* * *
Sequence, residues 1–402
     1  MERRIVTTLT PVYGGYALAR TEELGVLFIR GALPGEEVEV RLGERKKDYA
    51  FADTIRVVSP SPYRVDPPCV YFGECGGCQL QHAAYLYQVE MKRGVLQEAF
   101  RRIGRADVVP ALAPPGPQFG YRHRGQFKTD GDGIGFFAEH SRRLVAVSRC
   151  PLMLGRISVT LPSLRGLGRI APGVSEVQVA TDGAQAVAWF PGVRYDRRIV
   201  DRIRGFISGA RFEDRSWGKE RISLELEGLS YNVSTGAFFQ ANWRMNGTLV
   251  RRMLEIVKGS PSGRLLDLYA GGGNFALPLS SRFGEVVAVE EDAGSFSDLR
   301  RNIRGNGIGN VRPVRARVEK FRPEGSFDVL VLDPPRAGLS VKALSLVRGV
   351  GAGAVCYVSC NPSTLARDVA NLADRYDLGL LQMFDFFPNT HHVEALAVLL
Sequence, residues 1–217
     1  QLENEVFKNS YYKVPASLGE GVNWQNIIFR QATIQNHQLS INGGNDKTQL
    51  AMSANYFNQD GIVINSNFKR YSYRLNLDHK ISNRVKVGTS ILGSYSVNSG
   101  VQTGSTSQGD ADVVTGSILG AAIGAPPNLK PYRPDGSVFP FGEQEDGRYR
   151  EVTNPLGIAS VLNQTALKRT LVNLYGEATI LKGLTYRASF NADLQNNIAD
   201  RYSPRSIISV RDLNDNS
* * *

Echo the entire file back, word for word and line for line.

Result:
Sequence, residues 1–402
     1  MERRIVTTLT PVYGGYALAR TEELGVLFIR GALPGEEVEV RLGERKKDYA
    51  FADTIRVVSP SPYRVDPPCV YFGECGGCQL QHAAYLYQVE MKRGVLQEAF
   101  RRIGRADVVP ALAPPGPQFG YRHRGQFKTD GDGIGFFAEH SRRLVAVSRC
   151  PLMLGRISVT LPSLRGLGRI APGVSEVQVA TDGAQAVAWF PGVRYDRRIV
   201  DRIRGFISGA RFEDRSWGKE RISLELEGLS YNVSTGAFFQ ANWRMNGTLV
   251  RRMLEIVKGS PSGRLLDLYA GGGNFALPLS SRFGEVVAVE EDAGSFSDLR
   301  RNIRGNGIGN VRPVRARVEK FRPEGSFDVL VLDPPRAGLS VKALSLVRGV
   351  GAGAVCYVSC NPSTLARDVA NLADRYDLGL LQMFDFFPNT HHVEALAVLL
Sequence, residues 1–217
     1  QLENEVFKNS YYKVPASLGE GVNWQNIIFR QATIQNHQLS INGGNDKTQL
    51  AMSANYFNQD GIVINSNFKR YSYRLNLDHK ISNRVKVGTS ILGSYSVNSG
   101  VQTGSTSQGD ADVVTGSILG AAIGAPPNLK PYRPDGSVFP FGEQEDGRYR
   151  EVTNPLGIAS VLNQTALKRT LVNLYGEATI LKGLTYRASF NADLQNNIAD
   201  RYSPRSIISV RDLNDNS